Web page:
- The Toyota Prius uses 1.3 kWh of batteries to slash fuel consumption by 50%;
- The GM Volt uses another 14.7 kWh of batteries to save the next 30%;
- The Nissan (OTCPK:NSANY) Leaf uses another 8 kWh to save the last 20%; and
- The Tesla (TSLA) Roadster uses another 29 kWh to satisfy the range requirements of people who have a commute of more than 30 miles, the maximum that Nissan recommends for potential Leaf purchasers.
There may be a "PHEV-light" alternative like Toyota's planned Plug-in Prius that gets to a more optimal point on the marginal utility curve, but the big battery behemoths have all the long-term potential of the Edsel unless someone can find a way to repeal the law of diminishing marginal returns.
Impossible Thing #3 – Available Raw Materials
Like all things in life, electric vehicles are subject to raw material constraints. Each year our planet produces a few kilograms of aluminum and copper and a few grams of rare metals per person. It is impossible for more than a handful of politically favored elites to use hundreds of kilograms of highly refined and processed metals to reduce their personal consumption of oil, which is produced at a rate of 616 kilograms per person.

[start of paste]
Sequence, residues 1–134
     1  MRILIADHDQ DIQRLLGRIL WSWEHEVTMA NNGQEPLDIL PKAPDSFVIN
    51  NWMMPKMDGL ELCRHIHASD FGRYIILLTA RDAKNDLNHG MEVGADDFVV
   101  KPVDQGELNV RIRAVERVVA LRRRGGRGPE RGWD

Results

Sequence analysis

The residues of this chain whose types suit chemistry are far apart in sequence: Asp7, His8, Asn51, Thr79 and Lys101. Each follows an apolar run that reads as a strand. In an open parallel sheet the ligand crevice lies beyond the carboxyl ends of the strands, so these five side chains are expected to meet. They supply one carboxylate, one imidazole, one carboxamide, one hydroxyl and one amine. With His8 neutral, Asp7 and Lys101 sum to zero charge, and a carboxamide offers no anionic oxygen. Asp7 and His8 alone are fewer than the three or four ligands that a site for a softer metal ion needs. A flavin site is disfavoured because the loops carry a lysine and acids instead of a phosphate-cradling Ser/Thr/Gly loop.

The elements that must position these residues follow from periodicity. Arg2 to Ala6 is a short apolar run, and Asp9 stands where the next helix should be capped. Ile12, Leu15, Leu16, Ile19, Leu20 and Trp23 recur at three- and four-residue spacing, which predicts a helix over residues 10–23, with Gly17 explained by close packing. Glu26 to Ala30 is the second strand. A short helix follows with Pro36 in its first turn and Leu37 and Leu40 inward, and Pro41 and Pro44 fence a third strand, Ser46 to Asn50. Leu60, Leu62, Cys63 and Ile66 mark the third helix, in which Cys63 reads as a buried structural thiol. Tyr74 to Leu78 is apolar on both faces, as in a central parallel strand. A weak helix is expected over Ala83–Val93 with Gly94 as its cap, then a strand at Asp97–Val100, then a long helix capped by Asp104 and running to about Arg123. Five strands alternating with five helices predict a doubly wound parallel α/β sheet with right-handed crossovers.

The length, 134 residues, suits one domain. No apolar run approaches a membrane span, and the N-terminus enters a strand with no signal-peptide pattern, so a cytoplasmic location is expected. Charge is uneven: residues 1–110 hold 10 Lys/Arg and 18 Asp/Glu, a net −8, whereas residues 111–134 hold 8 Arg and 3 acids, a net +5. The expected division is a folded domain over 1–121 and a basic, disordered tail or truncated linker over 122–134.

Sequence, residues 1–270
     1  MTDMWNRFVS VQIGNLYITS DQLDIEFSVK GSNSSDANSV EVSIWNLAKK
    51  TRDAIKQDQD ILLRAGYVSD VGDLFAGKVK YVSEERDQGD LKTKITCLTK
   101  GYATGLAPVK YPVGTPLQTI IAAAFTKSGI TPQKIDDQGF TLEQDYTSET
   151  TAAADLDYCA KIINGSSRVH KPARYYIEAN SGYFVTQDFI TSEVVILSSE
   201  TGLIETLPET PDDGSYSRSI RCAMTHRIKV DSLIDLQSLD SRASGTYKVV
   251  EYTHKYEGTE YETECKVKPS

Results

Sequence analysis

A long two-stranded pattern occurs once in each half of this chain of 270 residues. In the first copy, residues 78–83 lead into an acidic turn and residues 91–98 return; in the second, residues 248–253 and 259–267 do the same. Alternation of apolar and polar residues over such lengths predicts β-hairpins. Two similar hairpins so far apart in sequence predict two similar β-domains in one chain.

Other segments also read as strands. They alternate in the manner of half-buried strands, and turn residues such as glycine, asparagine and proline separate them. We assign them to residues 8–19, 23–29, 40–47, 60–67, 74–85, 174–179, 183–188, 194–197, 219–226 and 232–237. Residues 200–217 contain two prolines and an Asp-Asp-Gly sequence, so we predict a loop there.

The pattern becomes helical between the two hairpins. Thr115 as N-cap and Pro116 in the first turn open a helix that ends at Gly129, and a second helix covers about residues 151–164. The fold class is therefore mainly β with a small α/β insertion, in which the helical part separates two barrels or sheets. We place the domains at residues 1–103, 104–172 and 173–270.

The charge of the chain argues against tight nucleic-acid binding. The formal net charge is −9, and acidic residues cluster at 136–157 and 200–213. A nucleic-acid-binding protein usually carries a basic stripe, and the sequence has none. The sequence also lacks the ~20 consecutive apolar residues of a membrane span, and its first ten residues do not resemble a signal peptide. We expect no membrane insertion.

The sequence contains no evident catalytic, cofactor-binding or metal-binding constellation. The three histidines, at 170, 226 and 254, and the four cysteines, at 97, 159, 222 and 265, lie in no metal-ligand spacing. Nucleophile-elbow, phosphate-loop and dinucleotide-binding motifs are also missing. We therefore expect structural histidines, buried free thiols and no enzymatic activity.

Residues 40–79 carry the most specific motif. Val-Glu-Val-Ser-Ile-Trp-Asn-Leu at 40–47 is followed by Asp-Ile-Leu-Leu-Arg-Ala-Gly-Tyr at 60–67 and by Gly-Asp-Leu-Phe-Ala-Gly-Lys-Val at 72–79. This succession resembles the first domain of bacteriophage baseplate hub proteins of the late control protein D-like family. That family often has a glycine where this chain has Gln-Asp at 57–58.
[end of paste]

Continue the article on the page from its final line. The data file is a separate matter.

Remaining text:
Impossible Thing #4 – Assured Battery Safety
The green press is full of happy stories about the improving safety of lithium-ion batteries. At the same time, Federal regulators are focused on a recent 747 crash in Dubai that was caused by spontaneous ignition of lithium-ion batteries during shipment. While EVangelists think mommies and daddies across the land should place their child safety seats securely on top of the battery pack, the Federal government is preparing to impose sweeping restrictions on the transportation of those same batteries on US cargo planes.
Impossible Thing #5 – Assured Recycling
EVangelists invariably assume away battery recycling issues with blithe assurances that somebody will solve the problem before used battery packs become a disposal problem. However, nobody has been able to demonstrate a cost-effective lithium-ion battery recycling process. The primary recoverable materials are steel, aluminum, copper and some rare metals. While these materials were highly refined when they went into the batteries, they lose the original processing value in recycling and the recovered metals aren't worth much more than any other scrap metal. Since there is no recycling technology, a discussion of the problem promptly degenerates into "second life" mythology, where electric utilities will become dumping grounds for used battery packs that have outlived their usefulness in transportation.